A $1 million project begun in 2015 by the Palm Beach County Sheriff’s Office to clear a backlog of about 1,500 unanalyzed rape evidence kits may have produced its first arrest.
Michael Carter, a 40-year-old man who has spent much of the past two decades in prison, was arrested Thursday in connection with a 2007 rape of a woman on the shoulder of Interstate 95 in West Palm Beach.
The cold case was reactivated in August 2017 — more than a decade following the alleged attack — after DNA was found on a FBI database connecting Carter to the crime.
As of March, 994 rape kits had been processed, producing 140 DNA matches to suspects in a national crime database and definitive leads in 82 cases. PBSO officials predicted in June “a positive outcome for the victims and the community” in some of those cases.
But until Carter’s arrest, no one had been been taken into custody.
Carter was handed over to PBSO deputies Thursday, a day after he completed a prison sentence for gun and drug convictions.
Carter was booked into the Palm Beach County Jail on charges of sexual assault, kidnapping and aggravated battery using a deadly weapon. Judge Dina Keever-Agrama ordered that Carter be held without bond.
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On April 17, 2007, a Florida Highway Patrol trooper found a 31-year-old woman screaming that she had been raped on the shoulder of northbound I-95 near Forest Hill Boulevard, according to an arrest report.
The woman told investigators she had completed a shift at Flashdance, a Palm Springs-area nightclub, when a co-worker asked Carter to give the victim, who did not have a car, a ride home.
Noticing that she was not being driven to her residence, the woman questioned Carter, who responded by pulling over to the side of I-95 and beginning his alleged attack, the report said.
The woman said she attempted to get out of the vehicle, but that Carter slammed the passenger door on both of her hands.
“You’re not going anywhere ... ,” Carter allegedly said.
Carter allegedly punched the woman in the face and maintained a forearm against her woman’s neck as he sexually assaulted her.
The victim managed to get out of the vehicle, but Carter caught up to her and allegedly tried to throw her over a guard rail from an embankment, the report said.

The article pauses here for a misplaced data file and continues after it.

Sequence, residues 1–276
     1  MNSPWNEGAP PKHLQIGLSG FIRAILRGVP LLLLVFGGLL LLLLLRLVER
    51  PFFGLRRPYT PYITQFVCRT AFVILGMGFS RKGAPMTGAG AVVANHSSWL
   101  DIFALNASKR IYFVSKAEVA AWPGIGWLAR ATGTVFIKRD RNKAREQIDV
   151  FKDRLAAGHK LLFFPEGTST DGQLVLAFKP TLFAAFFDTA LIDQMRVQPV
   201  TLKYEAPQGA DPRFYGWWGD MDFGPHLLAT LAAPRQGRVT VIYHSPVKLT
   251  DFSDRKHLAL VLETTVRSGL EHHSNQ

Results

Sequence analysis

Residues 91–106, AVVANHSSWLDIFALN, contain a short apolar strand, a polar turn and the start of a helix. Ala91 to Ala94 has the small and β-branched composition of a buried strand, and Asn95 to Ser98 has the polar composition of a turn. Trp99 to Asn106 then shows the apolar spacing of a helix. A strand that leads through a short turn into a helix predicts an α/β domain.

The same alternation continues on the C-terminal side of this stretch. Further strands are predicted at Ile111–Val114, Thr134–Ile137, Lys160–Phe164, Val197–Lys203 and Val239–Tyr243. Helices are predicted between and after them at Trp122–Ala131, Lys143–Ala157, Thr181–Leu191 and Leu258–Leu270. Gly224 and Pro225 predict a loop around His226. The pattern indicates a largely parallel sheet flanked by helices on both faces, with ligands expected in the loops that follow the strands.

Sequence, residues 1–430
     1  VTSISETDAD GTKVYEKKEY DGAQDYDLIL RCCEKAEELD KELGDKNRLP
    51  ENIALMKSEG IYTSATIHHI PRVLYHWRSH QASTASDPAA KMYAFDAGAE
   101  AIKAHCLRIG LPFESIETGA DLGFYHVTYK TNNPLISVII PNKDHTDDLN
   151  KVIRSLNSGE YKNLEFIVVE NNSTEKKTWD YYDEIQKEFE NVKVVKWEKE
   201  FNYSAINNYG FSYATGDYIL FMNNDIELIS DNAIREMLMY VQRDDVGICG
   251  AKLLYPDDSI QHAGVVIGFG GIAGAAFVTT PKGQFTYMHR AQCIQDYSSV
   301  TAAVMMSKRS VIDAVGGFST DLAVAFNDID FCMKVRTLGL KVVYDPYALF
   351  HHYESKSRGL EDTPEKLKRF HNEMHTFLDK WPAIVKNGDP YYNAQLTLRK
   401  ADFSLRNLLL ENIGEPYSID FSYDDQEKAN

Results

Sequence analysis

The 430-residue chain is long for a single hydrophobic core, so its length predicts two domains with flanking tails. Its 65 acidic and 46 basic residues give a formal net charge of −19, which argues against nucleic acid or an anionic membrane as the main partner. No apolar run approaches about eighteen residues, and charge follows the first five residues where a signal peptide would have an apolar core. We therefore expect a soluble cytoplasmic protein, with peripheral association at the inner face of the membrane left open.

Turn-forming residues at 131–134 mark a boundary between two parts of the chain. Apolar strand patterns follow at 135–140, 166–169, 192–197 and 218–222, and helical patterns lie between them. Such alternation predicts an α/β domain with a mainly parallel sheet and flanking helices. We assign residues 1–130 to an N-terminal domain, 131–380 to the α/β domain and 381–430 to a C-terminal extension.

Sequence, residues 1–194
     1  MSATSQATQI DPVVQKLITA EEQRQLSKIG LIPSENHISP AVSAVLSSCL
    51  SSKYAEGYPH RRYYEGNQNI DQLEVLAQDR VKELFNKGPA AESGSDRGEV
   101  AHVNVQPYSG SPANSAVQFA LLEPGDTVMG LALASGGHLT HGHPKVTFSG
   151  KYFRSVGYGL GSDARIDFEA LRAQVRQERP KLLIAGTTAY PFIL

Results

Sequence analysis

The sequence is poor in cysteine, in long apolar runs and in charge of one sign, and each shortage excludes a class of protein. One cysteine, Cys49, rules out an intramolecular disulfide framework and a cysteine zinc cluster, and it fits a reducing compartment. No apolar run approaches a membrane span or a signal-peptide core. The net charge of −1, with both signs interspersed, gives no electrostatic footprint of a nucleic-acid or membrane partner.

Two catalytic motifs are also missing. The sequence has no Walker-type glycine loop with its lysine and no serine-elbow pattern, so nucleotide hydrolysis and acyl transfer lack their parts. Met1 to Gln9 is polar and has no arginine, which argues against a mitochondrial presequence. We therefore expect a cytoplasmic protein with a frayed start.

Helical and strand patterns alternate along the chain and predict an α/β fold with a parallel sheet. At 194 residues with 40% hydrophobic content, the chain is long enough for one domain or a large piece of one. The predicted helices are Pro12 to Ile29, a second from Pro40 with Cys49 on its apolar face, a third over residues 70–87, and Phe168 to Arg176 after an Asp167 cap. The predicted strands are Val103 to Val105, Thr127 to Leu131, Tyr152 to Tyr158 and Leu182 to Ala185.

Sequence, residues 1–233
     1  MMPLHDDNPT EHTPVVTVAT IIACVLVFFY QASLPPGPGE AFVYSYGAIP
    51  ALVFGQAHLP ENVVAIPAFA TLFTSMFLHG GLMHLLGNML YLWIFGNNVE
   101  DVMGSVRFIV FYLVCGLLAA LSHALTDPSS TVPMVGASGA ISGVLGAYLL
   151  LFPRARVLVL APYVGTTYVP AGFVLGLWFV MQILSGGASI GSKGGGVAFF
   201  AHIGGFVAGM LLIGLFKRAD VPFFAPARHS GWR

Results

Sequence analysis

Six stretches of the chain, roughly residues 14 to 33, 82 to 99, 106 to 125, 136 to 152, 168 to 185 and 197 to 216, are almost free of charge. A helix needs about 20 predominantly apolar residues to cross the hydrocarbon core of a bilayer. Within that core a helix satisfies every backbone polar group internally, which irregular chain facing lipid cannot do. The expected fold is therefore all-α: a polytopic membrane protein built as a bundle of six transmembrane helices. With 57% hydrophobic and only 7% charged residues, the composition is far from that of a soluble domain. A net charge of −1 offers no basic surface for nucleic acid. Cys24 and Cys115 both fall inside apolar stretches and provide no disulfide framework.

Carter repeatedly punched the woman in the face and body, then stomped on her head after she fell to the ground, investigators were told.
In April, a PBSO detective spoke to Carter at the Sago Palms Re-Entry Center in Pahokee. Carter said he was in jail in April 2007 and “couldn’t have raped anybody.”
But Carter’s criminal history and court records shows that he was not in custody at the date of the sexual assault.
Carter has been convicted and sentenced to prison three times since 2001 on charges including armed burglary, aggravated battery on a law-enforcement officer and resisting arrest with violence.
A PBSO official was not able to confirm Friday that Carter is connected to the program to clear the backlog of unanalyzed rape kits.
An audit published in January 2017 revealed more than 13,000 untested rape kits in Florida, including 1,800 in Palm Beach County, some of them more than 40 years old. That caused state legislators to enact a law requiring police to submit rape kits for testing within 30 days and crime labs to test them within 120 days.
A Palm Beach Post review found that detectives cleared 62 of the 82 cases without ever contacting a suspect.
A victim’s refusal to participate in the original criminal investigation was the most common reason PBSO cited for leaving the rape kits untested. Advocates for victims, prosecutors and defense attorneys urged renewed outreach, cautioning that using the victim’s decisions at the height of their trauma is wrong. Florida law does not require contact with survivors.
In 2015, before the state audit was published, Sheriff Ric Bradshaw set aside $1 million to process the untested the kits at a cost of at least $645 per kit.